an English translation of the novel

Page 229-230

“…in the year 2011 of the Gregorian calendar, scientists conclusively documented the existence of psychokinesis, which until that point had always been a considered an occult phenomenon,” the false minoshiro explained dispassionately.

Its voice gave off the impression of a cultured, intelligent woman, and although it was a mesmerizing voice, it sounded almost too perfect, and thus inhuman.

“Before that, whether it was in public or in laboratories, all PK experiments were complete failures. However, in the Republic of Azerbaijan in 2011, cognitive scientist Imran Ismailov conducted successful experiments in the capital city of Baku. In quantum mechanics, there is a well known paradox of an observed particle affecting another particle, but Ismailov was the first to predict that the microscopic world being magnified to a macroscopic event applied to PK as well. Those doubtful of the success of Ismailov’s experiments were recruited to act as observers with the latent ability to resist PK. {After going through several trials, they were subdivided into various groups so that no observer knew the entire scope of the experiment. These observers were then asked to conceal certain facts from someone who knew of Ismailov’s experiment design. There were multiple control factors…}”

The five of us listened entranced to the false minoshiro’s lengthy speech. Even though we couldn’t even understand a fraction of what it was talking about, we drank up its words like plants after a drought.

Until now, our knowledge of the world was like a jigsaw puzzle missing the most important piece. The false minoshiro’s words were giving us the missing piece, slaking our curiosity.

But we never imagined that we would be hearing about a story so hellish that it would leave our hair standing on end.

“…the first person Ismailov discovered with extrasensory perception, Nona Mardanova, was a nineteen-year-old girl. All she was able to do was move a light plastic ball sealed within a transparent tube, but like a seed crystal that prompts a chemical solution to nucleate, she was the catalyst that awakened mankind’s latent power.”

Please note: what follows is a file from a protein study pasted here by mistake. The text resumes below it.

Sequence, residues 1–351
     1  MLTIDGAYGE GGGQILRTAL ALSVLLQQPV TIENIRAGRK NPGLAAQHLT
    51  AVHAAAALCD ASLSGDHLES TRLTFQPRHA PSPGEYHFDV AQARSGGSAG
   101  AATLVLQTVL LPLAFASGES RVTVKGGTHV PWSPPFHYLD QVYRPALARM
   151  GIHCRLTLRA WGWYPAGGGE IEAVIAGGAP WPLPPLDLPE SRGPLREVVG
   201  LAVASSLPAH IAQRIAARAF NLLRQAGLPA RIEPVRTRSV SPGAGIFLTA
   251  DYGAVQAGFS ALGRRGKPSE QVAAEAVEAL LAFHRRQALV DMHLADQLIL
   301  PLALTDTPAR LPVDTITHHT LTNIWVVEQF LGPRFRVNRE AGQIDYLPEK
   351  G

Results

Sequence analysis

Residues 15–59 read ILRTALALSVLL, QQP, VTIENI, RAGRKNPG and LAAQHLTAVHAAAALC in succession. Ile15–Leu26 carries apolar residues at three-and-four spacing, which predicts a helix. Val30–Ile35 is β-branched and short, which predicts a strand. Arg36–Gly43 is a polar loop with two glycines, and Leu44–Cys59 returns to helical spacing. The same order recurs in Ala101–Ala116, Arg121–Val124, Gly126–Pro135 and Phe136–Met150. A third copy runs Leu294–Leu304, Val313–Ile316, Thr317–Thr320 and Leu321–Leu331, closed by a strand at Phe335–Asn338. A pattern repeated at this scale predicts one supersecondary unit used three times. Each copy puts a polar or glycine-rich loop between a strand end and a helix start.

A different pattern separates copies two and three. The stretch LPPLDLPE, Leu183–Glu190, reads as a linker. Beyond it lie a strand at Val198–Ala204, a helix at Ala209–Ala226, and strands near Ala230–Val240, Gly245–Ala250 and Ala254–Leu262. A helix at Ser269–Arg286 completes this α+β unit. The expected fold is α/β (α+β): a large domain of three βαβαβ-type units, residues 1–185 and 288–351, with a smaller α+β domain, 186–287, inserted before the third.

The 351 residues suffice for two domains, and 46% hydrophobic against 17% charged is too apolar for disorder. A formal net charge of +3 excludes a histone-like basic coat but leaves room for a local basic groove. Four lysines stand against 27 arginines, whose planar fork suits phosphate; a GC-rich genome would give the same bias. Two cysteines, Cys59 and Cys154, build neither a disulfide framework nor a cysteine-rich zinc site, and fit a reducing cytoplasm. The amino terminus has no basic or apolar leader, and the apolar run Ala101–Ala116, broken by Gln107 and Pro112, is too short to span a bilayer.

2 Responses to Page 229-230

  1. Hello, it’s me again. I just reached this part today and I hope you don’t mind me commenting on how I understand it.

    {After going through several trials, they were subdivided into various groups so that no observer knew the entire scope of the experiment. These observers were then asked to conceal certain facts from someone who knew of Ismailov’s experiment design. There were multiple control factors…}

    Observers who doubted the results of the experiment would suppress the use of PK and significantly affect the experimental results. Ismailov reduced that possibility as much as possible, such that no one observer could grasp the entire experimental design; simultaneously he didn’t allow those who understood the experiment (including himself) to know when and where the experiment was carried out, thus creating a double-blind experiment.
    http://www.thefreedictionary.com/double-blind+study -> a double-blind experiment guards against experimenter bias and placebo effects.

    This follows the observer effect in that those who doubted the existence of PK, if they knew the whole design, would expect to observe a failure and thus cause the failure. Simultaneously, Ismailov and those who believed in the existence of PK would believe in the success of the experiment and cause the result they expect to observe, if they knew it was being carried out, so they were not allowed to know the details.

    For page 242-244, I’m not sure if Empress Airin’s name should be a title as well, since none of the other monarchs were referred to by name, and Airin in the translation I have can be read as both a name or a title meaning “Empress of Love/Affection”. Although since I don’t know how the original goes, I’m making a guess here.

    • Oh I get it. Some of the people who participated in the experiments were themselves probably very weak or latent PK-users. Since some of these people thought that the experiment was bullshit, they themselves were unconsciously preventing a positive result from occuring (e.g. if the experiment was to move a ball using your mind, they’d be unknowingly using their PK to prevent it from moving in the first place). By preventing people from knowing what the experiment was about and how it worked, Ismailov prevented the non-believers from inadvertently affecting the results.

      Since he was able to gather concrete and objective proof that it exists, people all around the world will now be less likely to deny its existence, thereby lessening the subconscious effect preventing PK from existing/affecting physical objects.

 
     

Leave a Reply